by Gail M. Burns, June, 2005.
In years to come, when someone asks me about The Ice Glen, I think that I will tell them that I saw it on a crisp fall day, when the scenery outside of the Spring Lawn mansion was ablaze with color and the geese could be heard overhead as they flew south for the winter.
I will say this and I will believe this, but it will not be true. I saw The Ice Glen on the most brutally hot and humid day imaginable, a mere week before the summer solstice. The theatre at Spring Lawn is not air conditioned.
But the play is set in the months of October, November, and December of 1920, and thanks to the resolute work of the actors (how did they manage to neither visibly sweat nor simply pass out in that winter clothing?) and the mood set by playwright Joan Ackermann and director Tina Packer, both Berkshire residents with a deep understanding of our seasons, I was completely taken in. When I think of this play I will always hear the crackle of leaves underfoot and the crunch as actress Kristin Wold bit into an apple. This play is the epitome of autumn in the Berkshires.
Ackermann was inspired to write this play while in the Spring Lawn mansion, and she is thrilled that this, its third staging, is taking place in the building that gave it birth. While sitting in the parlor, presumably the room in which the play is currently staged, she met her characters as they burst in through the French doors in the opening scene. This scene is really the only one which contains specific action. Ackermann is a writer of character and voice, not one of action. The play unfolds through the voices of each of the six main characters, two of whom are upper class with the remaining four being servants.
What happens in The Ice Glen is that Peter Woodburn (Michael Hammond), the publisher of the Boston-based Atlantic Monthly magazine, arrives at Stonegate, a gilded age Berkshire mansion in decline, as indeed the gilded age is on the wane after the First World War and the institution of federal income tax in 1913, in search of Sarah Harding (Kristin Wold) the author of some very extraordinary poems sent to him by EdithWharton. Stonegate is owned the widow Dulce Bainbridge (Elizabeth Aspenleider), who feels very keenly the loss of her gregarious husband Samuel and of their fortune. The staff, once large, now consists of Grayson, the butler (Dennis Krausnick), Mrs. Roswell, the cook and housekeeper (Gillian Seidl), Sarah Harding, who acts as gardener, and Denby (Brian Weaver), a young man best described by the gentle and archaic word “simpleton,” who serves as a jack of al trades about the estate.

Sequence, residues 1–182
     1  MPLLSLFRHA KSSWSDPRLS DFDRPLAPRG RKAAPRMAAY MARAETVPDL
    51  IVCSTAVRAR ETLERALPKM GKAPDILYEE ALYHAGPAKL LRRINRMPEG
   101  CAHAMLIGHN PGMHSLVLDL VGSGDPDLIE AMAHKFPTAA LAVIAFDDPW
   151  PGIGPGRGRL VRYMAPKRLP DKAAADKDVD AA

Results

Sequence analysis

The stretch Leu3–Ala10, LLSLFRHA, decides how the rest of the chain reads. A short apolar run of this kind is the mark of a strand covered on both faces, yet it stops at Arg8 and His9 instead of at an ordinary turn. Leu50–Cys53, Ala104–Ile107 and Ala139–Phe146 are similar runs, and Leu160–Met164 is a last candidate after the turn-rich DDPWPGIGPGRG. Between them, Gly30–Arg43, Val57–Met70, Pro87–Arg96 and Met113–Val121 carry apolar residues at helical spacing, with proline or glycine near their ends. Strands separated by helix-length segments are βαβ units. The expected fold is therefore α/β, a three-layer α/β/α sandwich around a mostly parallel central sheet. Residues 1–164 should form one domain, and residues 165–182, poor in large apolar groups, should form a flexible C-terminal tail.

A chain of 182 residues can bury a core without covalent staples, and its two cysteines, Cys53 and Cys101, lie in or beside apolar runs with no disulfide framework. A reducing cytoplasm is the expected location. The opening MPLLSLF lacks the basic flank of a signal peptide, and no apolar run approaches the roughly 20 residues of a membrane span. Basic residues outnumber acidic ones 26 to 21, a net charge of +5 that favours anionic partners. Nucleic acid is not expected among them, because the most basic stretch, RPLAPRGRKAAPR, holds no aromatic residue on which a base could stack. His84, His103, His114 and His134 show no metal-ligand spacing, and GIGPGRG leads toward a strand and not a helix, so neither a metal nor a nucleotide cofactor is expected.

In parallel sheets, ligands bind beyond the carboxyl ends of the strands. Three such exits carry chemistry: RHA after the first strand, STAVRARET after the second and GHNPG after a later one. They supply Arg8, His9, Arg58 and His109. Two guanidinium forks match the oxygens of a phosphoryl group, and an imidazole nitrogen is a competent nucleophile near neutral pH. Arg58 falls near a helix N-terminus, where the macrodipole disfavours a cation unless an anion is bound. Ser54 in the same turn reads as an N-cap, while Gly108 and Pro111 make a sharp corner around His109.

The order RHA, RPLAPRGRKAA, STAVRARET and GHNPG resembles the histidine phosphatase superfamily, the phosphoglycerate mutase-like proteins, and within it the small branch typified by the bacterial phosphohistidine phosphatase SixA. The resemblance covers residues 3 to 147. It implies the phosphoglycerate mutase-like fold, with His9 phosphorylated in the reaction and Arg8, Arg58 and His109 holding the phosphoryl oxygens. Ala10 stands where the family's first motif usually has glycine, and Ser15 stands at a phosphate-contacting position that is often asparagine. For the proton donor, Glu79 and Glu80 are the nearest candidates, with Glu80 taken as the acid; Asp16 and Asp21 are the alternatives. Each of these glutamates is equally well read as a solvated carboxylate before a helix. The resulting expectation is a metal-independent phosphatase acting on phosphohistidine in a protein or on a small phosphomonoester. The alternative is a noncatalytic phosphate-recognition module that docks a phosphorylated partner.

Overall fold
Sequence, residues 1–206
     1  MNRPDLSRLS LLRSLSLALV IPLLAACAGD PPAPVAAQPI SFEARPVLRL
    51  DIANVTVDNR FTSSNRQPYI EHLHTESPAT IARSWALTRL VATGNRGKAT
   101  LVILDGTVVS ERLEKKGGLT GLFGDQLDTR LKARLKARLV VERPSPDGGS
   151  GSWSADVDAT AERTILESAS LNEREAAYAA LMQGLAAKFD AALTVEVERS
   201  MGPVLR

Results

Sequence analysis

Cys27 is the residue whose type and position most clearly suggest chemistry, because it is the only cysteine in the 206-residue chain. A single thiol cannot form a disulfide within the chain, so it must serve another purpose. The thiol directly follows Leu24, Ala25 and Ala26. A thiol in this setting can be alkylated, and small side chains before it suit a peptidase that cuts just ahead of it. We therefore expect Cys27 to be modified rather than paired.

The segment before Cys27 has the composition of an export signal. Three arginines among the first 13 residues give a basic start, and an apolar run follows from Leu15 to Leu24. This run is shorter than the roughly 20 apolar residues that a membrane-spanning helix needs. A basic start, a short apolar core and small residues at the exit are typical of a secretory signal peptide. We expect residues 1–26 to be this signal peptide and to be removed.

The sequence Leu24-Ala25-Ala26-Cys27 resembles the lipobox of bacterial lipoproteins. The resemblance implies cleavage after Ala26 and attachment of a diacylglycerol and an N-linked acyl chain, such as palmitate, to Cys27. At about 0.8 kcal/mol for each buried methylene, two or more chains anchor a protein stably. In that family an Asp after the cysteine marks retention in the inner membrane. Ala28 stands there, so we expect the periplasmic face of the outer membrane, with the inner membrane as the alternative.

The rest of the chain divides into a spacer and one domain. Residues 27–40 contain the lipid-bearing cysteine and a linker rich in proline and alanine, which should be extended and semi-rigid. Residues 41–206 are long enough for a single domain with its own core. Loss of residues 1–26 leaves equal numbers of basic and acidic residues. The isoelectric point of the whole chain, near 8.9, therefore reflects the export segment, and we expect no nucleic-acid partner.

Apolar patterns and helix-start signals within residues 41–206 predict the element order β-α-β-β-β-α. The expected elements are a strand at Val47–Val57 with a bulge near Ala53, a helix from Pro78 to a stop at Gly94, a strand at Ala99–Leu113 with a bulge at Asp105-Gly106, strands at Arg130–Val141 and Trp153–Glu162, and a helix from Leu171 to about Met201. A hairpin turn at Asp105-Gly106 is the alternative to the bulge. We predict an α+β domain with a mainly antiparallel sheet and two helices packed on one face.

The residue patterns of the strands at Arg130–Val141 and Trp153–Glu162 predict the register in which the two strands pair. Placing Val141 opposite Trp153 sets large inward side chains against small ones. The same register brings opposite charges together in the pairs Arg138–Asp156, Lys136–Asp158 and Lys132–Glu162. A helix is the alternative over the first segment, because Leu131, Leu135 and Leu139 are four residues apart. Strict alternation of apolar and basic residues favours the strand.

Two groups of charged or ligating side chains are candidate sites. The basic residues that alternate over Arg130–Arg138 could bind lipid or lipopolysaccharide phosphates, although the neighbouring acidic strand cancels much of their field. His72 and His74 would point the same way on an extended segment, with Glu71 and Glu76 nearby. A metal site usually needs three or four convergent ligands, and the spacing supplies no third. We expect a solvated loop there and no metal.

Woodburn wishes to publish Sarah’s poems and Sarah feels that they are deeply private and personal. When she learns that Woodburn has committed three of her verses to memory, she accuses him of stealing. He can give her back the hard copies, but she can never recover what he holds in his mind. Their struggle and Woodburn’s intense reaction to the landscape that Sarah tends and writes about so intimately, precipitates major and necessary changes in these six lives that have been essentially on hold since Samuel Bainbridge’s death.
This is a highly romantic vision of a gilded age household, and of the Berkshires. Ackermann has stated that she considers Shakespeare & Company to be engaged in a romantic endeavor in a romantic setting, and this play she has crafted for them confirms that statement. I was often reminded of the work of Frances Hodgson Burnett (1849-1924) and especially of her masterpiece The Secret Garden which also melds the power of the natural world with a tale of necessary change in a stagnated Victorian household. There are times when Ackermann’s characters, like some of Burnett’s, are too good to be true.
This is very much the case of the character of Mrs. Roswell. I do not doubt that Ackermann wrote the role for Seidl, her partner in their Great Barrington-based theatre group Mixed Company, who is the very picture of matronly comfort with her long gray hair and rosy cheeks. And she does an admirable job with the part, but the character desperately needs some rough edges to make her a real person instead of a stock character.
The other two servant characters, Grayson and Denby, also suffer from this problem, but Ackermann and Packer have managed to give them both a little more depth and background so that you understand why they are who they are. There is nothing wrong with writing about good people, but every believable character needs to live in a three-dimensional world.
Krausnick embues Grayson with as much paternal warmth as Seidl brings the maternal to Mrs. Roswell. If you can buy the butler as all-wise and all-knowing, then you will be charmed by Krausnick’s performance. If anyone can make this character plausible, it is him.